To ‘Hell’ with newspapers - industry must reacts to the threats it faces
By: Tom Deignan | Published Tuesday, November 1, 2011, 7:15 PM | Updated Tuesday, November 1, 2011, 7:15 PM
James O’Shea has seen a lot in his four decades as a newspaperman.
And yet, even he was taken aback when Rupert Murdoch closed the News of the World tabloid in Britain in the wake of a hacking scandal. “That’s a pretty incredible step,” declared O’Shea.
At a time when newspapers are downsizing or closing, the News of the World was highly profitable. And yet, when it came to light that some journalists at the Murdoch-owned paper were hacking into private information of (among other people) crime victims, the News of the World had actually been making lots of money.
Not that O’Shea is exactly weeping for the Australian-born media titan.
“Rupert Murdoch is a smart businessman,” said O’Shea.
O’Shea himself has had run-ins with powerful businessmen in the media world, and they are the subject of his compelling new book The Deal from Hell: How Moguls and Wall Street Plundered Great American Newspapers (Public Affairs).
Just a little over a decade ago, O’Shea notes, newspapers across America earned $44 billion in advertising. It was also around this time one of the most infamous business transactions in American history was being planned. For better or worse, O’Shea had a front row seat.
Interestingly, as big wigs at the Chicago Tribune newspaper began plotting how to purchase the Los Angeles Times newspaper, a couple of other much smaller transactions were taking place.
Two little companies, Craigslist.com and Google.com, were going public, while a fellow by the name of Matt Drudge was -- literally -- looking through garbage cans for information for a gossip web site he’d started.
In the years that followed, Drudge, Google and many other Internet pioneers would be flying high. And newspapers, even stalwarts such as the Tribune and the Times would be fighting for their lives.
O’Shea grew up in St. Louis. His paternal ancestors, Jeremiah O’Shea and Margaret Sullivan, came to the U.S. just after the Famine. His maternal family roots also runs back to Cork.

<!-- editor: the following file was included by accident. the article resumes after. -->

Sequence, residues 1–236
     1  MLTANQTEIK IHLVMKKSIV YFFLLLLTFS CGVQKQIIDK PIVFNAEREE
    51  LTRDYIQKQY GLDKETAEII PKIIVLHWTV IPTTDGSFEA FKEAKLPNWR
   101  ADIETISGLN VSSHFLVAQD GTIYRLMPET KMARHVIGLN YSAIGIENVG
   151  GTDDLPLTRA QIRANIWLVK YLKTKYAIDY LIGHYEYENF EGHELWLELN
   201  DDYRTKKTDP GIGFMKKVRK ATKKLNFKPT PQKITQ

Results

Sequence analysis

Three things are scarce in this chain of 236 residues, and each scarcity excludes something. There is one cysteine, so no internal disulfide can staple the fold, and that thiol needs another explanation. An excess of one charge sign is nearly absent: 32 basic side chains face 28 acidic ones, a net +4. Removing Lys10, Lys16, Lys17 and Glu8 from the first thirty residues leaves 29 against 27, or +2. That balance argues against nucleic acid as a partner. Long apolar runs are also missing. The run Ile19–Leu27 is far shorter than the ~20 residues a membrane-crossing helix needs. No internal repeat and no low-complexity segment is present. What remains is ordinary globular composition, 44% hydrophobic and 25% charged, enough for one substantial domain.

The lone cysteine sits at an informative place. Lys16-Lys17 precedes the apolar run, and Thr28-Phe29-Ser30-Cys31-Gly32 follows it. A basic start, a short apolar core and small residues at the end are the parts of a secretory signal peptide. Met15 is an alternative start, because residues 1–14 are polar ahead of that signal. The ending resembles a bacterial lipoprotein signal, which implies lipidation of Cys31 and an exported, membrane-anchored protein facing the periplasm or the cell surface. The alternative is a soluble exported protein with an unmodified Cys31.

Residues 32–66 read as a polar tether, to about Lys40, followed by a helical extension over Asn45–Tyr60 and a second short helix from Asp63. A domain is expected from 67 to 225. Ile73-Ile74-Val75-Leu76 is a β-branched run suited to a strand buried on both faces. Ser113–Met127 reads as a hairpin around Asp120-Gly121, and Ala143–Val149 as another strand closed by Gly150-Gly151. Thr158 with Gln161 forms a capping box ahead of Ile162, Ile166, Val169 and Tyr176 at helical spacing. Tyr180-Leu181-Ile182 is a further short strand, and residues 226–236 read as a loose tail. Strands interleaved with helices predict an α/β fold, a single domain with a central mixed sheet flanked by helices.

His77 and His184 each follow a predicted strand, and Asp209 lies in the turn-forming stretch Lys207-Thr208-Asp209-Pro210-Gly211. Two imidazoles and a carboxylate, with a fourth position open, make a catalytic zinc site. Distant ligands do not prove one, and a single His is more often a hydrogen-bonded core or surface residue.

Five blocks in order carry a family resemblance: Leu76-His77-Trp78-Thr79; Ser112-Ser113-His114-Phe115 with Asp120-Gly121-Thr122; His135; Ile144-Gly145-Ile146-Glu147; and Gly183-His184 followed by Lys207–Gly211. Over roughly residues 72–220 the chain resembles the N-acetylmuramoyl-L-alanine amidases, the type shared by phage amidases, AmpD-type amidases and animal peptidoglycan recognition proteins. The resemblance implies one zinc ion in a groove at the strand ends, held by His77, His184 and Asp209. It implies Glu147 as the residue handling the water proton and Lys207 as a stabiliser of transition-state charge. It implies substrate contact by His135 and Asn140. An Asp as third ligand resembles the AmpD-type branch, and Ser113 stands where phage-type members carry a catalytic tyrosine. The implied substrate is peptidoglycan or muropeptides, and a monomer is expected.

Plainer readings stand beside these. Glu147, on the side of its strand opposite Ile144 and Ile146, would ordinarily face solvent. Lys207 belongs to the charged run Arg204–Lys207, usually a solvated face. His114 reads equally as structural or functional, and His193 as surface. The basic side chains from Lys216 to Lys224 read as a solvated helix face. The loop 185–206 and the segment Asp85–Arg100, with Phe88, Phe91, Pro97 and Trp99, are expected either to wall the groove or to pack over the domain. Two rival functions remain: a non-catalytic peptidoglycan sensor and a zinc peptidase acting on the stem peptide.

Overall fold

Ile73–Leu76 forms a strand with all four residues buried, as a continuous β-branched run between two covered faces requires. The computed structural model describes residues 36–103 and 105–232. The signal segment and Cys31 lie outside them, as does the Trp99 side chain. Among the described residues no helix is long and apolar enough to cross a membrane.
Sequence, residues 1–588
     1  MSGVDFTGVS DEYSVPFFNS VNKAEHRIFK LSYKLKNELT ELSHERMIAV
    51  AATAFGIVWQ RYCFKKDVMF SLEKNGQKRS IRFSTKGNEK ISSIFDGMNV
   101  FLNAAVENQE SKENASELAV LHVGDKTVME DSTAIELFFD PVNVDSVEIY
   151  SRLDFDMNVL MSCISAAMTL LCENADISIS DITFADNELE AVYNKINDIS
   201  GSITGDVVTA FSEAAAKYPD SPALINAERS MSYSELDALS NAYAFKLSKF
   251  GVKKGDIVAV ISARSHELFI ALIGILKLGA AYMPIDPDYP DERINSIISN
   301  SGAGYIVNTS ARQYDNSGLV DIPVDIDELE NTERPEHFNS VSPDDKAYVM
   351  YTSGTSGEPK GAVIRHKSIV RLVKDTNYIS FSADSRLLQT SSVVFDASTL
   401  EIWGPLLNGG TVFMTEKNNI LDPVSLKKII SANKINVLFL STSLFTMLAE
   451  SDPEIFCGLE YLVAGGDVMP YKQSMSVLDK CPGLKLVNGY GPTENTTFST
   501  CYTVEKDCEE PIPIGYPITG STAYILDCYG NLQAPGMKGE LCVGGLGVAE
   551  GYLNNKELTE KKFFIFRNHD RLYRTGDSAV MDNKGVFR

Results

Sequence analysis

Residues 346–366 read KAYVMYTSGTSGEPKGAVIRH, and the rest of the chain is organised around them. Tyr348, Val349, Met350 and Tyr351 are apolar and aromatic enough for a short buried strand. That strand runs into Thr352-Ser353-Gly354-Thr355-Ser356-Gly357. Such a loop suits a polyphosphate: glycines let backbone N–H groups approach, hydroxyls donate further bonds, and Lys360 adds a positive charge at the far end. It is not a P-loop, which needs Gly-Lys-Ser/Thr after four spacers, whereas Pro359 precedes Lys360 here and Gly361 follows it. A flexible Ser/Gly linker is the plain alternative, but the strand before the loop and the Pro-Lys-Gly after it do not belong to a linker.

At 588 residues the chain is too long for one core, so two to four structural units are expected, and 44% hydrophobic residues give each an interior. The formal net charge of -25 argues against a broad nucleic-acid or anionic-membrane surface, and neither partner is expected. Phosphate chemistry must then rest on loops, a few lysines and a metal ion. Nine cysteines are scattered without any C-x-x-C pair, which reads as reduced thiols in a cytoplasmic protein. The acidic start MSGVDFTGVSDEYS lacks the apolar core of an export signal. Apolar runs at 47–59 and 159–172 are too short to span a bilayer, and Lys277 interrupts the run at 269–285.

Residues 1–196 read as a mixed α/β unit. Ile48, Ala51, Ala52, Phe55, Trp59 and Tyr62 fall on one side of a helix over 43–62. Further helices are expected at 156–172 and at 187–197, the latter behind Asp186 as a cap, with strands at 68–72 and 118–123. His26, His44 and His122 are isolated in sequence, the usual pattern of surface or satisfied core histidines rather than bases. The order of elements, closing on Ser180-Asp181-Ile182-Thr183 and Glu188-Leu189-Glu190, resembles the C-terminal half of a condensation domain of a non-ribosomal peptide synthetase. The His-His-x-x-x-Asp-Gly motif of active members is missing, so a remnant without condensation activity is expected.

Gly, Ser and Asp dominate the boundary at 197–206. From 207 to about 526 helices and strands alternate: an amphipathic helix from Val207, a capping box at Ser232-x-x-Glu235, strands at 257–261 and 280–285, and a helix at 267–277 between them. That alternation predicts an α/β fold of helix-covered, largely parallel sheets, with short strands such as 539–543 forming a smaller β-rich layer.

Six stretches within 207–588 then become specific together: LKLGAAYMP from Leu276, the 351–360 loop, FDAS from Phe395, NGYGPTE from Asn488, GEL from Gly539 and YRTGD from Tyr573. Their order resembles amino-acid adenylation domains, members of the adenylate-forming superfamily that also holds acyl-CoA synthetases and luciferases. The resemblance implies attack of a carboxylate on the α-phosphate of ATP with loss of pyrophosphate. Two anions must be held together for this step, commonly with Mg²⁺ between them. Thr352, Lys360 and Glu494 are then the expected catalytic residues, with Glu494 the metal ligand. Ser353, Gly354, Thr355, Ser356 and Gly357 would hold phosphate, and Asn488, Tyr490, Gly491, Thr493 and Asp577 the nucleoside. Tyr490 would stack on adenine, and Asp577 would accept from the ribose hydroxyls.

“Growing up,” he says, “I thought most of the people in the world were Irish Catholic and Democratic.”
A self-described weak student, he took to writing while in high school, a military school run by the Christian brothers.
He began a slow, steady rise up the ladder of the journalism world. In 1984, this took him to Ballyporeen, Co. Tipperary, where he covered President Reagan’s trip to his ancestral village.
O’Shea had a made a name for himself as an investigative reporter and became a top editor at the Chicago Tribune, which, by the 1990s, was making a tidy profit for the Tribune company.
Hoping to become an even bigger player in the media game, the new owners of the Tribune Company purchased the prestigious Los Angeles Times (owned by the Times Mirror Company).
And O’Shea was tapped as top editor at the LA paper. He was greeted with skepticism in the Times newsroom, seen as an outsider perhaps sent to do the bidding of the paper’s new corporate owners.
Meanwhile, as the 2000s progressed, the media landscape had changed dramatically. All newspapers struggled to hold onto advertising, while the Internet boomed.
Corporate owners looking to save money chopped newspaper budgets, forcing journalists onto the unemployment line.
The last straw came when billionaire Sam Zell -- who had no experience running a media company -- purchased the floundering Tribune Company. Soon after, the company was completely bankrupt and O’Shea was out as Times editor.
O’Shea’s book is a fascinating fly-on-the-wall account of how powerful executives injured the newspaper industry.
By now, the collapse of newspapers has been so widely discussed that it might have seemed inevitable. But O’Shea disagrees. “I don’t think … the industry had to collapse. It simply had to act sooner on some of the threats that were facing it.”
Over-reliance on advertising and slashing quality content, O’Shea contends, are what did newspapers in.
In the Internet age, O’Shea believes news organizations are simply going to have to charge money for their content if they are going to survive.
These days, O’Shea is editor of the Chicago News Cooperative, which partners with The New York Times and other outlets to produce quality reporting.
Aside from his trips as a reporter, O’Shea has been on several bike riding trips across Ireland and says, “I think it’s about time for another one.”